cargo diet is a companion program of The Lean Crate Initiative to help computing 'optimal'
include directives for your
Cargo.toml manifest. 'optimal' here is the smallest size a crate can have while retaining everything relevant to building the code and populating
lib.rs with useful information on the landing page.
Please note that this opinionated approach won't prevent you to adjust the initial
include directive to your liking and needs, without
interfering with you on subsequent invocations.
make the crate lean by editing the
Cargo.tomlfile in place
simulate how the
Cargo.tomlfile would be edited to obtain a lean crate
cargo diet -nor
cargo diet --dry-run
force computing an
includedirective even though one exists already
cargo diet -ror
cargo diet --reset-manifest
- can also be used with
--dry-runsuch as in
cargo diet --reset-manifest --dry-runor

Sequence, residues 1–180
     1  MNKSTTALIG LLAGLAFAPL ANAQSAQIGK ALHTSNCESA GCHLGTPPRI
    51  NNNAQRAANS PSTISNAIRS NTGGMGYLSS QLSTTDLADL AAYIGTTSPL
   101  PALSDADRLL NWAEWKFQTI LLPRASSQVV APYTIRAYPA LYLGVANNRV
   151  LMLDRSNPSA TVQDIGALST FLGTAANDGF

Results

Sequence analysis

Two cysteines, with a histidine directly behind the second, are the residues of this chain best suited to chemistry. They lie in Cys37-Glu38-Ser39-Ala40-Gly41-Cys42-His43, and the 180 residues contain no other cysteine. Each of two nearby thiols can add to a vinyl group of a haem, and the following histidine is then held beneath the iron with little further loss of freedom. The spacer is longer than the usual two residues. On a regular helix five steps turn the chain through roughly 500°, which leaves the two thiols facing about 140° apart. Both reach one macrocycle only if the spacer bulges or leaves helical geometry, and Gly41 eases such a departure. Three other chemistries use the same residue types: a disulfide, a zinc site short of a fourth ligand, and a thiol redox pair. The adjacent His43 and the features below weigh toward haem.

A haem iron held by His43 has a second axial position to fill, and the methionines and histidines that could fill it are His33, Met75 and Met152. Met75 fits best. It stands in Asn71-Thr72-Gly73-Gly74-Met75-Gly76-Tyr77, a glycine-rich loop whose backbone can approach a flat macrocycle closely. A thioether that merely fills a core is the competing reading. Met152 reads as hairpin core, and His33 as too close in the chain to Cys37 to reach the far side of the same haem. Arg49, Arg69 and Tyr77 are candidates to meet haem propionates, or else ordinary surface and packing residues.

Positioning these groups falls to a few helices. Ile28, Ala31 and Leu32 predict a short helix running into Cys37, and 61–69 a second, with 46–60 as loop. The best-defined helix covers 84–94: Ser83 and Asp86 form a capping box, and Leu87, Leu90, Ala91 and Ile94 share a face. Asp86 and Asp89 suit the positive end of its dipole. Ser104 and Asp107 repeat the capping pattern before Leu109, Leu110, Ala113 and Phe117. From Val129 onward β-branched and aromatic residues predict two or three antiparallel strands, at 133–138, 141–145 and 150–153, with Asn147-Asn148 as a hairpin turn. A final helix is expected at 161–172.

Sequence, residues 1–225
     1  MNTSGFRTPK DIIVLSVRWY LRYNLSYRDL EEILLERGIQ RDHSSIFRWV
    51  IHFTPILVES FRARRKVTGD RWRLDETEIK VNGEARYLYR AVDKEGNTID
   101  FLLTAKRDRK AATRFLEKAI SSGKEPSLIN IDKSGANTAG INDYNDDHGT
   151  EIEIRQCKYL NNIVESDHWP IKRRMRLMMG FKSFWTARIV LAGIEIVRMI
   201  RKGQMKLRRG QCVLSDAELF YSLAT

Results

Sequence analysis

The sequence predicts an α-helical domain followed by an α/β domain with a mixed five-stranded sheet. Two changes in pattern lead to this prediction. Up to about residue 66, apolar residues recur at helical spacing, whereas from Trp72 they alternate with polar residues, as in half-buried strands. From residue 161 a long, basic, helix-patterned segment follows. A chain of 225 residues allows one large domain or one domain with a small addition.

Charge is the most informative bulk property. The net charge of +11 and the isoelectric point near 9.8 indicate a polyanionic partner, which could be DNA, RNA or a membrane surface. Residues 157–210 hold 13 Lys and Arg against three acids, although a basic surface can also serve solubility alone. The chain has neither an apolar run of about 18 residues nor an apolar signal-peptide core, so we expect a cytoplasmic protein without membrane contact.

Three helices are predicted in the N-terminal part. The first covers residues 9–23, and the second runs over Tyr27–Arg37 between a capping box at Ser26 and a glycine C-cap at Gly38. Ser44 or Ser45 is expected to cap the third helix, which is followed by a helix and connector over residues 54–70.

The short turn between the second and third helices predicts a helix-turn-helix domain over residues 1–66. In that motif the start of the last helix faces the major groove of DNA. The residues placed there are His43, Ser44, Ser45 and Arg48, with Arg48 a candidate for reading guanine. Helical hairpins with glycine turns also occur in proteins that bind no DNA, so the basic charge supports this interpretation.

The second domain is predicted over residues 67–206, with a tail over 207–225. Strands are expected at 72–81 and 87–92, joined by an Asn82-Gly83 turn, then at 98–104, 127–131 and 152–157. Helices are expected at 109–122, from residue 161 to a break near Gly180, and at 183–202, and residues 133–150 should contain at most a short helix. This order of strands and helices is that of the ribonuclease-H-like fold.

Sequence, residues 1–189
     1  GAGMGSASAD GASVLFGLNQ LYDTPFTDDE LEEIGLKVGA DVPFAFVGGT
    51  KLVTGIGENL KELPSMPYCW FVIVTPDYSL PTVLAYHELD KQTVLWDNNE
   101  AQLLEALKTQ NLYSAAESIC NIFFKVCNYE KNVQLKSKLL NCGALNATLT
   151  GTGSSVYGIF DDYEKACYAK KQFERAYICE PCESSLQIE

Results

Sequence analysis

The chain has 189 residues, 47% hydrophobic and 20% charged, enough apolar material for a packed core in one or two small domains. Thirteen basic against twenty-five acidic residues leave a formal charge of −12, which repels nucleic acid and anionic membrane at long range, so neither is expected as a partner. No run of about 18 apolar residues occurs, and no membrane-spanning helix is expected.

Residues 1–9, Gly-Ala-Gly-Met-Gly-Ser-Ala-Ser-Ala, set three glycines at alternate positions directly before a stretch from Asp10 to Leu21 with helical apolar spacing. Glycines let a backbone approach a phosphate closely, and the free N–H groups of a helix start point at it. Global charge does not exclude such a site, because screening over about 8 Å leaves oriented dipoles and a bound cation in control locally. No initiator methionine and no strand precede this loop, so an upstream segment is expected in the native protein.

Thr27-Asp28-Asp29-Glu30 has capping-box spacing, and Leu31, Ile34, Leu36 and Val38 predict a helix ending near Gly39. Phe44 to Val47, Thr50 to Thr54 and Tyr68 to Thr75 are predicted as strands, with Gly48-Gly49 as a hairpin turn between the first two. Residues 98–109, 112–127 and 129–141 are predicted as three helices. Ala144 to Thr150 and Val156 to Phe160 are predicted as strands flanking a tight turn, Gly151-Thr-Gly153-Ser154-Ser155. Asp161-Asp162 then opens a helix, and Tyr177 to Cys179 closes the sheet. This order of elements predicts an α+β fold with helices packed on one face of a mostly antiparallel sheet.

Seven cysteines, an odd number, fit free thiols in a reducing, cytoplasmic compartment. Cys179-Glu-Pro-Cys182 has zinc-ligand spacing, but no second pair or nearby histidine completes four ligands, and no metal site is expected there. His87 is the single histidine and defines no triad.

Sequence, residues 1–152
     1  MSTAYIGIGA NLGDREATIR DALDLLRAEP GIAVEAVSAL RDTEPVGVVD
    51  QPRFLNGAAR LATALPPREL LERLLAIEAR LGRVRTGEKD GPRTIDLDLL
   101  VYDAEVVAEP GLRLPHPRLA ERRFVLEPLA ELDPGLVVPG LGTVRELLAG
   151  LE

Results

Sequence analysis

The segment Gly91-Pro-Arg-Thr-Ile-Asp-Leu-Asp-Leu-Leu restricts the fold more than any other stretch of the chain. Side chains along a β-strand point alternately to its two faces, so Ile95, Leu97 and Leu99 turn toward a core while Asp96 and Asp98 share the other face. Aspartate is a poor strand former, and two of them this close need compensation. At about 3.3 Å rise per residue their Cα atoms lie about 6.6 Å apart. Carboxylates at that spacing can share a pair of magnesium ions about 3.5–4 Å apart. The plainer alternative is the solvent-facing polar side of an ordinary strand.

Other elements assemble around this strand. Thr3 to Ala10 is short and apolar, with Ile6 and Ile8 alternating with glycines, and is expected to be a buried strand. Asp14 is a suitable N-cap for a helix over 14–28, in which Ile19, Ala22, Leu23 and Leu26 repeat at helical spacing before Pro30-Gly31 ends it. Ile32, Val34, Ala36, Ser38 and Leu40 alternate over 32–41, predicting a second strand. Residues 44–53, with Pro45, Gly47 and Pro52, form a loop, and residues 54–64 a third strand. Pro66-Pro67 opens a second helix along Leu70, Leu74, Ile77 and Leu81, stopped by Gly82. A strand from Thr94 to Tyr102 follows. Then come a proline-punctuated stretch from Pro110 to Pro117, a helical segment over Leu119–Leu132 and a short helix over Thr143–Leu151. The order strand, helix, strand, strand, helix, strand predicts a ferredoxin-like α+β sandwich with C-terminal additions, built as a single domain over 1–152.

cargo diet -rn
prevent the crate from exceeding a certain package size (best on CI)
cargo diet -n --package-size-limit 50KB
- See the installation instructions specifically for CI, allowing to quickly download a pre-built binary
With a recent version of
cargo (obtainable using rustup), the following should work:
cargo install cargo-diet
Using GitHub releases
Pre-built binaries can be found in the releases section of this repository.
You can use an installation script to automate this process:
curl -LSfs https://raw.githubusercontent.com/the-lean-crate/cargo-diet/master/ci/install.sh | \ sh -s -- --git the-lean-crate/cargo-diet
On CI for controlling the crate package size
Assuming tests are running on a linux box, the following script will install the latest version of
and run it with flags to assert a crate package size does not exceed 10KB, a value that can freely be chosen.
That way it's easy to get a warning if there are new and possibly unexpected files in one of the directories which are included already.
curl -LSfs https://raw.githubusercontent.com/the-lean-crate/cargo-diet/master/ci/install.sh | \ sh -s -- --git the-lean-crate/cargo-diet --target x86_64-unknown-linux-musl cargo diet --dry-run --package-size-limit 10KB
Also have a look at how this is actually used in GitHub Actions.
Learn about other targets